Academic journal article Education

The School Counselor as Leader of Efforts to Have Schools Free of Drugs and Violence

Academic journal article Education

The School Counselor as Leader of Efforts to Have Schools Free of Drugs and Violence

Article excerpt

The sixth National Education Goal for the year 2000 acknowledges the problem of violence in the public schools and serves to direct our attention to its solution. It reads as follows: "By the Year 2000, every school in america will be free of drugs and violence and will offer a disciplined environment conducive to learning." (U.S. Department of Education, 1992). Statistics reported in a variety of publications attest to the validity of our nation concern about violence in our public schools. Some examples are as stated below:

"One in 20 students will bring a gun to school at least once per month according to a U.S. Center for Disease Control report. Fall 1991 (Teacher Magazine. January, 1992).

Violent assaults in schools escalated 14 percent from 1987 to 1990 (Education USA, October 14, 1991).

91,000 of the 2.2 million classroom teacher were attacked in 1987 according to a National Education Association poll (Executive Educator, October, 1988).

28 percent of teachers in a National center for Educational Statistics survey reported physical conflict among student (Teacher Survey on Safe, Disciplined, and Drug-Free Schools, 1990-1991: Education Daily. December 5, 1991).

25 percent of 12th graders admitted that they had been threatened with violence and 14 percent were injured in the school according to the 1991 National Education Goals Report for 1990 (Education USA. October 14, 1991." (Landen, 1992).

Even though public schools have serious problems with violence, offering conflict-resolution and self-esteem enhancement classes, providing added counseling services and even punishing unacceptable behavior in isolation from the community will probably not be effective. It is contended that unless the community as a whole denounces violence, the school will not be able to provide a safe haven for students to learn. The growing emphasis in education on the whole child and the linkage of community services to meet children's needs for safety and well-seems to be a means for promoting school and community cooperation. Who can lead efforts to change school-community attitudes and behavior toward violence and coordinate programs for meeting physical and emotional security needs of children?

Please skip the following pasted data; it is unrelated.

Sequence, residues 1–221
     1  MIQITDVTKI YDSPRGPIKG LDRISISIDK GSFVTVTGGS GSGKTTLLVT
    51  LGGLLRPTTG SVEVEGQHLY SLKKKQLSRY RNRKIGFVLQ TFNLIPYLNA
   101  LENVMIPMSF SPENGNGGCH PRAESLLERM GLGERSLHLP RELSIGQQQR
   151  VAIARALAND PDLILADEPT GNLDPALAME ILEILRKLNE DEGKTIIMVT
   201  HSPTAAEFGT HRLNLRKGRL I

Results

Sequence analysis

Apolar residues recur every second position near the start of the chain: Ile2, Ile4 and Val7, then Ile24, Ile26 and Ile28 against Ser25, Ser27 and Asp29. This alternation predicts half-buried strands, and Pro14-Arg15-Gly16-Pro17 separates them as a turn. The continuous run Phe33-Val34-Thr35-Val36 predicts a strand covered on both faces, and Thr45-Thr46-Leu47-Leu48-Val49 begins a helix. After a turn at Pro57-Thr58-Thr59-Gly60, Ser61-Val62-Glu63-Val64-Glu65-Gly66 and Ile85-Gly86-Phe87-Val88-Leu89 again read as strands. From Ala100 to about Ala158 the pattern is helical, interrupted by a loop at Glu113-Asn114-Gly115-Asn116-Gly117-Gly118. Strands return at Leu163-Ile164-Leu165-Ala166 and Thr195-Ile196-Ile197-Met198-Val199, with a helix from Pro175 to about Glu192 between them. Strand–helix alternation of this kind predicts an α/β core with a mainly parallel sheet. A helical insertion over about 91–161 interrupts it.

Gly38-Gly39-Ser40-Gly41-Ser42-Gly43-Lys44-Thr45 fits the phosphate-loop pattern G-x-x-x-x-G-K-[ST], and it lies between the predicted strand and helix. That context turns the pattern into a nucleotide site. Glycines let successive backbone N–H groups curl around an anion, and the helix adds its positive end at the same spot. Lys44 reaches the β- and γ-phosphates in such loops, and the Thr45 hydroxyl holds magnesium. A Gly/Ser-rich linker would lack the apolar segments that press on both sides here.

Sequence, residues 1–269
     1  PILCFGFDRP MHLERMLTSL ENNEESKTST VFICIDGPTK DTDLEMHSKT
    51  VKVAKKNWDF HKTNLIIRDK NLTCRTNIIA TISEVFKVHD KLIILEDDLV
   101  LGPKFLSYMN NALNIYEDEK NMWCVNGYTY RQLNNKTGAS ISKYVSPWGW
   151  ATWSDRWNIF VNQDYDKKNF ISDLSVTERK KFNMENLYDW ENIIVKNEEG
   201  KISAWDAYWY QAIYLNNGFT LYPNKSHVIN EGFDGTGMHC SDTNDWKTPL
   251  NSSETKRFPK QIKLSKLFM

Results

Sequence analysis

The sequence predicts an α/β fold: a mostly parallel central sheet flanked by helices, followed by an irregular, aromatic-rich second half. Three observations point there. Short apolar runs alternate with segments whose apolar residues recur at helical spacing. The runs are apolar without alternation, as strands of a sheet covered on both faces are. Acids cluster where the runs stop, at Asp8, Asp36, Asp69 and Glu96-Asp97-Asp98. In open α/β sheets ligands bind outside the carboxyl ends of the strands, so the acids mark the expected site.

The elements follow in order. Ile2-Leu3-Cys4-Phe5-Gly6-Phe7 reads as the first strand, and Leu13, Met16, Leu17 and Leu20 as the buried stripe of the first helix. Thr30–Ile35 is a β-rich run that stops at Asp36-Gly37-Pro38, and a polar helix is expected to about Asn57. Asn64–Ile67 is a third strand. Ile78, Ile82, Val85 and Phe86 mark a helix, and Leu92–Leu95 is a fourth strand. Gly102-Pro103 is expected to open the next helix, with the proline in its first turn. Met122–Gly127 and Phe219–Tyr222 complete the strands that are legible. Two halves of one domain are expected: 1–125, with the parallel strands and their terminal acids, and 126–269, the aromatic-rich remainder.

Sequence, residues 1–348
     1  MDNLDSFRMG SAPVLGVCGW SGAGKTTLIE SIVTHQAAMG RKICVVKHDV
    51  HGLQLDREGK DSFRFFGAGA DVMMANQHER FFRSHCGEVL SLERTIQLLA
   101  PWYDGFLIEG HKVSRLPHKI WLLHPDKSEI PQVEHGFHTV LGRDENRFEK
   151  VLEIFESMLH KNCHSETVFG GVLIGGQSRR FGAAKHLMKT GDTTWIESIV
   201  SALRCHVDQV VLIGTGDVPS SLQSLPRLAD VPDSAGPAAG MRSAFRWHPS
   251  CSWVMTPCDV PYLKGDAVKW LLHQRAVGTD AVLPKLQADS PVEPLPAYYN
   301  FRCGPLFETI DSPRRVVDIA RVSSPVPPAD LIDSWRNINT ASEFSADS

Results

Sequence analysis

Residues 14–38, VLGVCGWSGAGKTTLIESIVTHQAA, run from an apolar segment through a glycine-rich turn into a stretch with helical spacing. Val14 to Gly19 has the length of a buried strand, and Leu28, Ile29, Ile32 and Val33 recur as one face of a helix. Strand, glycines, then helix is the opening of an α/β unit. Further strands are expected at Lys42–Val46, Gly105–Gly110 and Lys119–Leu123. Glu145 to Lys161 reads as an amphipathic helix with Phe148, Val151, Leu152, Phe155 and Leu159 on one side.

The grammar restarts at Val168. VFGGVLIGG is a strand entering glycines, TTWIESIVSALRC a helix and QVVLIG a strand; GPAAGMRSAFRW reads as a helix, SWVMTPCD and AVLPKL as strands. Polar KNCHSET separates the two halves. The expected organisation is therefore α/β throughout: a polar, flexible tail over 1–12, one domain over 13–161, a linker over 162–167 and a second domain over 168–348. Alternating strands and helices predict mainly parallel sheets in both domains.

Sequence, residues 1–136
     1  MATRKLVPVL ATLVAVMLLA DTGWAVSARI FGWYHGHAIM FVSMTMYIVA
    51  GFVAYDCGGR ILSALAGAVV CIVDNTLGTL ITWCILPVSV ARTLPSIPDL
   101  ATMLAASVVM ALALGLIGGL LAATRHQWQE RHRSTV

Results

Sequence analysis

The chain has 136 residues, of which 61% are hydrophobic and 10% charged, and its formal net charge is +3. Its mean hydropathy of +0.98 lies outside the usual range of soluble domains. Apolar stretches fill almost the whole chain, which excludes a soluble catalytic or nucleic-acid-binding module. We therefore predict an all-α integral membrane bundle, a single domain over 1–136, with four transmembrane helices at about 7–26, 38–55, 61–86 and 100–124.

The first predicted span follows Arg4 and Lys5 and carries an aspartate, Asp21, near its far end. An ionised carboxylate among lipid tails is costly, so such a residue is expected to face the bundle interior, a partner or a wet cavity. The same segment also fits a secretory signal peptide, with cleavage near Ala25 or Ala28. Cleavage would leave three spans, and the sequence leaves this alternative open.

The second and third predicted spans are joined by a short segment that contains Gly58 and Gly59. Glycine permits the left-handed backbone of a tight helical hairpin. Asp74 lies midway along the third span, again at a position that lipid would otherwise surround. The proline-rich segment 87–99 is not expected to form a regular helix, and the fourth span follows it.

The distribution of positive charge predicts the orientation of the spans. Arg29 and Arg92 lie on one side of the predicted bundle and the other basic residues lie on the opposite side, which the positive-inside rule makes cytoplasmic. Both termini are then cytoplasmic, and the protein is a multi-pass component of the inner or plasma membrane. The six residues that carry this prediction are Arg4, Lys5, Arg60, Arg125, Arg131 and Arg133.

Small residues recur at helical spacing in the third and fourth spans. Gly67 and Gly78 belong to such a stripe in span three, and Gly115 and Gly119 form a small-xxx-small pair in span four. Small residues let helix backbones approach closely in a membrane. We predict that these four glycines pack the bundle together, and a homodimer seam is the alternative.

School counselors are positioned well to lead school-based community teams in systematic efforts to intervene and prevent violence and conflict among high-risk youth. (Smaby, Peterson, Bergmarm, Bacig & Swearingen, 1990; West & Idol, 1993. According to Kurpius and Rozecki (1992) school counselors have expanded their role to include outreach, advocacy and consultation. School counselors can lead their communities in combating violence through reaching out to the community for help, advocating for at-risk youth and their parents, and consulting with school-community teams charged with intervening and preventing violence. They can also help school and community member's view conflict violence, drug abuse and other at-risk behaviors from a developmental guidance perspective, thereby insuring that prevention and crisis intervention components are considered.

Developmental Guidance

Conflict resolution interventions are clearly within the role of the school counselor when at-risk behaviors are consider signs that an individual lacks the skills to achieve normal tasks of life development. Stroufe and Rutter (1984) emphasized the necessity of adhering to a developmental psychology framework for understanding at-risk behaviors, It also provides strong rational for having the school counselor lead efforts of the school, parents and community members for learners-at risk. The purpose of this manuscript is to help school counselors determine the severity of violence, willingness of their community to address violence and appropriateness of violence intervention and prevention programs for their school.

Outreach, Advocacy and

Consultation Services

In order to address violence, counselors may consider using outreach, advocacy and and consultation interventions. …

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